- Fitness Centers & Sport Stores: D+
- Nutrition: C
- Sports Participation: D
- TV Viewing: B-
- Overweight/Sedentary: F
- Junk Food: D+
- Air Quality: F+
- Geography: F+
- Commute: F+
- Parks & Open Space: D-
- City Rec Facilities: F
- Access to Healthcare: D
- Motivation: B+
- Mayor & City Initiatives: A
- State Obesity Initiatives: B
Mayor Bill White participates in more fitness-related public events than most mayors. He also exercises up to 5 days per week.
Houston residents are 3 percent more likely than average to actually use their gym or health-club memberships, according to our comparison of membership trends and club use, including machine use, exercising with weights, cardio classes, yoga and martial arts, among others.
Aerobic rider machines are all the rage in Houston. People here are 119 percent more likely than average to use them.
The local commute is much more oppressive than in most cities - 42 percent more oppressive than average, leaving less time to exercise and prepare healthy meals. Commuter stress may also raise levels of cortisol, a hormone linked to weight gain and other health problems.
Golfers are limited to 7 city-owned courses. Relative to population, that's less than almost anywhere else we surveyed.
There are 74 percent fewer tennis courts per capita here than average among cities in our survey.
According to the CDC, 38.5 percent of adults here are heavy enough to increase their risk for weight-related health problems. That's the 6th worst score of any city in our survey. Compare it to a national average of 36.09 percent.
Air quality here is among the most unhealthful of any city in our survey, according to EPA air quality standards. Unhealthy air makes outdoor exercise hazardous.
Donuts are 132 percent more popular here than average, according to a comparison of places where they are sold. Houston has the 6th highest number of donut outlets per capita in our survey.
Texas state law limits or prohibits obesity-related lawsuits against food manufacturers and restaurants.
Houston residents are 92 percent less likely than average to go cross-country skiing. That's the 4th lowest rate in our survey.
Just 1 percent of Houston residents practice martial arts, the 4th lowest participation rate in our survey.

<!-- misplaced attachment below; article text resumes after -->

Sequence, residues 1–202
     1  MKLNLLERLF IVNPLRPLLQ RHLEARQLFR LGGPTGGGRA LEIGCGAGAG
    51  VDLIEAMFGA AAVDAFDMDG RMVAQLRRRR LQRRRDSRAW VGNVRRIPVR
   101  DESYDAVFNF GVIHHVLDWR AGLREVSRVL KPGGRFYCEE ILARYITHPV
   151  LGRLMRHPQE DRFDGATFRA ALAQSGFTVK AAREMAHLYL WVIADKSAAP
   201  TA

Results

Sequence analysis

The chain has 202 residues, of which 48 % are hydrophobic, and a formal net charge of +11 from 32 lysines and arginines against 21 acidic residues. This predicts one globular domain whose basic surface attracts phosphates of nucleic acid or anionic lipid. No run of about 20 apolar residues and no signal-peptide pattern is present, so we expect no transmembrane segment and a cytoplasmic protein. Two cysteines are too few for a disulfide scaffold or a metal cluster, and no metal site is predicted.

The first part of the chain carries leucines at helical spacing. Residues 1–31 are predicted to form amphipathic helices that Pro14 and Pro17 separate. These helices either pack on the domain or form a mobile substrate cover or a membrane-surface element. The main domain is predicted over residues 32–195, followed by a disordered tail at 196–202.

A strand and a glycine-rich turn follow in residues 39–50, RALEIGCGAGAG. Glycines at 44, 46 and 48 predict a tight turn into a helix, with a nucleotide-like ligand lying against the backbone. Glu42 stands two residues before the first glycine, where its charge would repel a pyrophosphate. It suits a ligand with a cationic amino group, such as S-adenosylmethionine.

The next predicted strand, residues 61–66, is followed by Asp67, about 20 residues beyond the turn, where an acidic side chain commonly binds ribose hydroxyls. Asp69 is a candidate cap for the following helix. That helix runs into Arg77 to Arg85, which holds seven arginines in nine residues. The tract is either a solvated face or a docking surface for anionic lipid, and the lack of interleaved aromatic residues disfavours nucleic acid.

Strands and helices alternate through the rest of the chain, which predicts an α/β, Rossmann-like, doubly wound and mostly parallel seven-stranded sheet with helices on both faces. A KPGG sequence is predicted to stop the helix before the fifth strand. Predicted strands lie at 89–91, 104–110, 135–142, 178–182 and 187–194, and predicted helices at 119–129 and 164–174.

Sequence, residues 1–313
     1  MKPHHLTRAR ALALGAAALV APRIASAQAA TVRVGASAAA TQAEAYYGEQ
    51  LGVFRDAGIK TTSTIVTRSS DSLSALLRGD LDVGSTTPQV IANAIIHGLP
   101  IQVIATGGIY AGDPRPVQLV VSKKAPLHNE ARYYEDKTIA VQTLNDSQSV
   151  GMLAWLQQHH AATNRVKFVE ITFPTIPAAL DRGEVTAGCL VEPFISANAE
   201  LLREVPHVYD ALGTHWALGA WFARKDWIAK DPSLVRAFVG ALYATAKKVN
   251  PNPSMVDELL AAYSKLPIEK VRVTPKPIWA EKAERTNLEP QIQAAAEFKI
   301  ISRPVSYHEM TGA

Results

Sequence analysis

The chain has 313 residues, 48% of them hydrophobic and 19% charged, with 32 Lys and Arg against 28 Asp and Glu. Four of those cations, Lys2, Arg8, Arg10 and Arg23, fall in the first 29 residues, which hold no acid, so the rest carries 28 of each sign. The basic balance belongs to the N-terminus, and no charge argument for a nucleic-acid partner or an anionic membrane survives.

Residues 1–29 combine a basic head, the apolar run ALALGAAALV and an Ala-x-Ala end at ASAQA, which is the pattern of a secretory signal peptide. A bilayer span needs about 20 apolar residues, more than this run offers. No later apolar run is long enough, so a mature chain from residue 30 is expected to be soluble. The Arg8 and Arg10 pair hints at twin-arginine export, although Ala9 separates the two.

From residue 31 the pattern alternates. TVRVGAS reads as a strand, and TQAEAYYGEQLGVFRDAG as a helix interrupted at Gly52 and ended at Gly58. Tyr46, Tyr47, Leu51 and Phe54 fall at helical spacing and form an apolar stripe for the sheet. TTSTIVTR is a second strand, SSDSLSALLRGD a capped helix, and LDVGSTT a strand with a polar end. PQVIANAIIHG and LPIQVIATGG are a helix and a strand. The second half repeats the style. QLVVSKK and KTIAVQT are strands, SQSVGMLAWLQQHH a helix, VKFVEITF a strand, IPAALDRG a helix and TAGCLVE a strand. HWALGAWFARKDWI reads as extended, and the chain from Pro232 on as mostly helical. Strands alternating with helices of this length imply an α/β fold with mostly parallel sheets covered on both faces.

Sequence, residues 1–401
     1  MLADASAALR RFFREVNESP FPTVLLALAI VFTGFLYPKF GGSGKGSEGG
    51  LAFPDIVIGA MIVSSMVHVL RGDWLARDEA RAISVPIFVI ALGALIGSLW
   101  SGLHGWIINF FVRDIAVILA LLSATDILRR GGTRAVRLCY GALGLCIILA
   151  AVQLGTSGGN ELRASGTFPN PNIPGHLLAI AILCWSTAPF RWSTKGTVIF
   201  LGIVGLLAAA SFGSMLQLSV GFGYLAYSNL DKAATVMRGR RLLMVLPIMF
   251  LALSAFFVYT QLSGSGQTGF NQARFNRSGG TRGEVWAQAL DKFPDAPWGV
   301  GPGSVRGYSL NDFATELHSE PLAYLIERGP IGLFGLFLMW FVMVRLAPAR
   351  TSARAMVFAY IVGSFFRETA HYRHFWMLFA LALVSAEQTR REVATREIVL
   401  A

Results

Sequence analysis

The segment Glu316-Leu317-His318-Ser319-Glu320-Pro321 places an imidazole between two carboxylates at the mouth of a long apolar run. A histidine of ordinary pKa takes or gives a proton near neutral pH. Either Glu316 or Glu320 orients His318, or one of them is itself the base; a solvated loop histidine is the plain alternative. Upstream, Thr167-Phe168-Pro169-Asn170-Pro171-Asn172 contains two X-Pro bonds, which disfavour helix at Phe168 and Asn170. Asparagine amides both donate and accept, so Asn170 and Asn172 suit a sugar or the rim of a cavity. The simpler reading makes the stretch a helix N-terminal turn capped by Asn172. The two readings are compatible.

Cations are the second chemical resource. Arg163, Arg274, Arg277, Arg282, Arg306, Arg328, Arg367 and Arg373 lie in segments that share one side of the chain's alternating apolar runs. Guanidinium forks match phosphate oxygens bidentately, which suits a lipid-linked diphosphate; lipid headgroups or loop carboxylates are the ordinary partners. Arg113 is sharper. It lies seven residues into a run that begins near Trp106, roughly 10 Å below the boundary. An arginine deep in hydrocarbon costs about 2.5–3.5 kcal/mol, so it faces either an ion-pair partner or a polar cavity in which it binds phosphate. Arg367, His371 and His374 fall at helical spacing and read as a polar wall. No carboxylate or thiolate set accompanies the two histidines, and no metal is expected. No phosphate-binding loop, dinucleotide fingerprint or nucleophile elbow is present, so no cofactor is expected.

Just 2 percent of Houston residents have a home gym. That's 42 percent less than average, and the 4th lowest rate in our survey.
The residents of Houston are 90 percent less likely than average to be found snowshoeing, the 4th lowest in our survey.
Basketball courts are practically nonexistent here, among the fewest per capita in our survey. There's just one court here for every 13,465 residents; the national average is one court per 6,909 people.
Houston residents are 40 percent less likely than average to go in-line skating. That's the 3rd lowest in our survey.
Houston residents are 44 percent less likely than average to play soccer - the 3rd lowest rate in our survey.
Houston residents are 66 percent less likely than average to participate in gymnastics, the 2nd lowest rate in our survey.
Residents of Houston are 38 percent less likely than average to participate in spinning type cycling classes, the 2nd lowest rate of any city in our survey.
Even table tennis doesn't get takers here - residents are 42 percent less likely than average to play table tennis - the lowest rate in our survey.
Houston has the lowest cheerleading participation rate of any city in our survey, 93 percent lower than average.
Houston residents are 38 percent less likely than average to play recreational basketball, the lowest participation rate of any city in our survey.
Just 5 percent of Houston residents play golf. That's 48 percent less than average and the lowest rate in our survey.
Only 1.5 percent of kids in Houston get exercise by riding scooters, the lowest in our survey.
Residents are 28 percent less likely than average to bowl - the lowest rate of any city in our survey.
Residents of Houston are 96 percent less likely than average to go snowboarding - the lowest rate in our survey. Even Miami residents snowboard more.